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The political economy of trade and migration: Evidence from the U.S. Congress

Conconi, Paola; Facchini, Giovanni; Steinhardt, Max F.; Zanardi, Maurizio

Authors

Paola Conconi

Max F. Steinhardt

Maurizio Zanardi



Abstract

We compare the drivers of U.S. congressmen's votes on trade and migration reforms since the 1970's. Standard trade theory suggests that trade reforms that lower barriers to goods from less skilled-labor abundant countries and migration reforms that lower barriers to low-skilled migrants should have similar distributional effects, hurting low-skilled U.S. workers while benefiting high-skilled workers. In line with this prediction, we find that House members representing more skilled-labor abundant districts are more likely to support trade and migration reforms that benefit high-skilled workers. Still, important differences exist: Democrats are less supportive of trade reforms than Republicans, while the opposite is true for migration reforms; welfare state considerations and network effects shape votes on migration, but not on trade.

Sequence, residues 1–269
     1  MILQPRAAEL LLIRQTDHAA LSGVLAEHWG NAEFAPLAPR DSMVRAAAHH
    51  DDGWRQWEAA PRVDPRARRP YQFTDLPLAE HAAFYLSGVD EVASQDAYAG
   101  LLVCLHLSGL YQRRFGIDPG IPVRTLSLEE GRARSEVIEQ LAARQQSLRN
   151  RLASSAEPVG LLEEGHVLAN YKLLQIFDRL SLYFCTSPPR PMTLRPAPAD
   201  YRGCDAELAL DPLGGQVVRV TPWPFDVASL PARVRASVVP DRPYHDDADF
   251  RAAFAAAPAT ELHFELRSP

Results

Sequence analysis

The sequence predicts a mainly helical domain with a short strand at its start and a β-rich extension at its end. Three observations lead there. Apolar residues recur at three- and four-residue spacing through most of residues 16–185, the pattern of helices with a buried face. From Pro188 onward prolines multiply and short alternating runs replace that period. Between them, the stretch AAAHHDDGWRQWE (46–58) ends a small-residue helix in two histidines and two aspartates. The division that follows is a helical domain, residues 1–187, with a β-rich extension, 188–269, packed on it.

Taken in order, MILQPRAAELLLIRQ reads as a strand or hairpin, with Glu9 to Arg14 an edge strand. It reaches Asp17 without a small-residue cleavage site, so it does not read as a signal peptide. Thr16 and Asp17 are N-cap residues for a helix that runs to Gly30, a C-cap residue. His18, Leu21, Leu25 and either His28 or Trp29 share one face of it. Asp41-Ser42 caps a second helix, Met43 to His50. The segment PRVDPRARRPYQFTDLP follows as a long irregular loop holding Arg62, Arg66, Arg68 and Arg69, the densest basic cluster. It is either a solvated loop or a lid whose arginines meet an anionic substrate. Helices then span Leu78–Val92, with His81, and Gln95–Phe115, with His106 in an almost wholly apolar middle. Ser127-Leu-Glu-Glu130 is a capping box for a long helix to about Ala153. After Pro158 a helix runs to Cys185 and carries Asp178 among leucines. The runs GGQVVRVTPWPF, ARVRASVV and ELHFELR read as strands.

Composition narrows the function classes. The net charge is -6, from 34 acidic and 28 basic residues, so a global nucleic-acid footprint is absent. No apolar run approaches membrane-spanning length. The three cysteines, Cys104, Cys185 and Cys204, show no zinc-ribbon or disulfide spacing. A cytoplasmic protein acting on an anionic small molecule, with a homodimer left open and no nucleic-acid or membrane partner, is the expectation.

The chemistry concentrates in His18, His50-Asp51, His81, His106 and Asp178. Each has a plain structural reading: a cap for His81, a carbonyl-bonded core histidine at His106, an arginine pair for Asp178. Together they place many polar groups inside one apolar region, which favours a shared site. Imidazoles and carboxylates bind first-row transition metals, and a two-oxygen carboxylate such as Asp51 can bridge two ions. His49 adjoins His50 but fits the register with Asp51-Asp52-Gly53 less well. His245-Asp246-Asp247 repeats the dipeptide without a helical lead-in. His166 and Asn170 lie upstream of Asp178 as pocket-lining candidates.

Journal Article Type Article
Publication Date Nov 11, 2019
Print ISSN 0954-1985
Electronic ISSN 1468-0343
Publisher Wiley
Peer Reviewed Peer Reviewed
APA6 Citation Conconi, P., Facchini, G., Steinhardt, M. F., & Zanardi, M. (2019). The political economy of trade and migration: Evidence from the U.S. Congress. Economics and Politics,
Keywords Trade reforms; immigration reforms; roll-call votes

Files

This file is under embargo until Nov 12, 2021 due to copyright restrictions.




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